A couple of weeks ago, a number of videos surfaced from several studios featuring aerial fabulousness, but zero mats. What gives? Why the heck do we need mats? DO we really? What about “aerial yoga” or “aerial dance classes”? It’s time for a candid convo about (….. drumroll please……) APPROPRIATE MATTING!!!!
In order for us to have a meaningful discussion on mats, we have to chat about the WHY of mats. You’d think that was pretty obvious (to cushion us when we splat on the floor, duh!), but different mats are better suited to different situations. Here are a few of the most common:
- Yoga mats – good for honest-to-goodness aerial yoga classes (see below), where poses are NOT dynamic, they are kept low to the floor, and the hammock is used as a prop, not an apparatus. Hint: these are few and far between. Most classes billing themselves as aerial yoga are closer to aerial hammock – see below.
- Gymnastic flooring/foam floor – a good compromise for low aerial dance classes. It provides a bit of cushioning, but is still firm enough so you don’t break an ankle dancing in the floor segment.
- Panel mats – I love firm panel mats for vertical apparatus! They discourage the “plop” factor (when students allow themselves to plop out of poses – BAD HABIT), while giving good cushioning for heels, butts, and other assorted body parts.
- 4 inch firm squish – my very favorite! These cover a lot of area, so I don’t have to worry about falling off and twisting my ankle as I spot, but they’re also cushy enough so I rarely have to bring out the….
- Crash mats! I prefer crash mats for bar apparatus & hammock, because slipping or missing a trick generally results in a few feet of actual fall. I also use them for drops on rope or silks where there’s a chance of a missed connection, or if I have a “let go” student and I don’t want to have to wear Depends during class. I don’t love them for daily vertical apparatus use as a coach, mainly because I’ve seen more ankle injuries occur with them than without (folks accidentally step off & twist an ankle). I tend to choose a firmer mat whenever possible if I need to be close to spot.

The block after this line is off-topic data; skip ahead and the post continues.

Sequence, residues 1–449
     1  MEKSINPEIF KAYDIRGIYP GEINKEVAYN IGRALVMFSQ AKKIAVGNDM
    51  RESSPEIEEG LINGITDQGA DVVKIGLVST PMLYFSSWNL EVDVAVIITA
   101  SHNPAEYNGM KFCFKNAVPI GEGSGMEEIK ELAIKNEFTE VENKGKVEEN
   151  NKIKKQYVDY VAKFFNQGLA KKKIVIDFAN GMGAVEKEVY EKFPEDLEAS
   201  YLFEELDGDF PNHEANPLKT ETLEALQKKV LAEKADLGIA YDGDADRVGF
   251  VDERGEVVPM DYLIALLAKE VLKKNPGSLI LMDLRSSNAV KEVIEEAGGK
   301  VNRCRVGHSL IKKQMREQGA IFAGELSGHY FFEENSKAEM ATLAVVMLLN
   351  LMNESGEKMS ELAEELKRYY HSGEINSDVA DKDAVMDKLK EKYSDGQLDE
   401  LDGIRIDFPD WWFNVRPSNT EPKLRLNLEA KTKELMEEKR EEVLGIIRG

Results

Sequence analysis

- Foam pits – break out your flying tricks! This is generally for higher level moves, such as those worked on swinging trapeze, or catch-release partnering.
Professionals may or may not choose to use a mat for different things. They’re professionals, and know what they need. Mind your business. As a student, you almost always need a mat of some kind, even when performing.
A Class by Any Other Name…
Know what really gets me all fired up? When studios or coaches call anything in a hammock “Aerial Yoga”. Or when they toss basic safety protocol to the wind, and don’t put mats under drops. If you take one thing away from this post, let it be this:
It doesn’t matter what you call a class. Dynamic moves require mats. If a studio tells you they don’t, RUN.
Anything in a hammock is NOT aerial yoga. Even with unicorn hair. Know what is? Actual yoga poses done in the air with the hammock as a prop (for a great example in NYC, check out Unnata Aerial Yoga). What I mostly see is a circus class masquerading as a yoga class. How to tell the difference? If your yoga class is including “tricks” or “drops”, you’re doing circus. You need a mat. And a more honest class description.
Just because you call a class “Aerial Dance”, doesn’t mean you don’t need a mat. REALLY?! Riddle me this: why would you need a mat for drops in a circus class, but that same drop in an “aerial dance” class is just fine on bare floor? It’s an egregious breach of safety protocol, people. Demand better. If your studio does not provide appropriate mats for these sessions, begin to insist that they do so. Or, move your a$$ along to a more safety conscious studio.
My general rule of thumb is this (studios differ in their policies). You need a mat if:
- You are doing drops or swings of any kind.
- Your apparatus is higher than waist height, or you roll up in it higher than waist height.
- You are standing on your apparatus.
- You are nervous about a move (call for a crash pad).
- You are doing silks or rope at any level.
If mats are not available to you in anything other than a true aerial yoga class, you are being put at risk. Be a smart consumer – look for mats. Love and pull-ups (and MATS), Laura
PS – a note for teachers – MODEL GOOD AERIAL HABITS. Unless it’s a performance, please consider showing yourself using mats when you rehearse and train in your social media. It’s not a great time for “do as I say, not as I do”.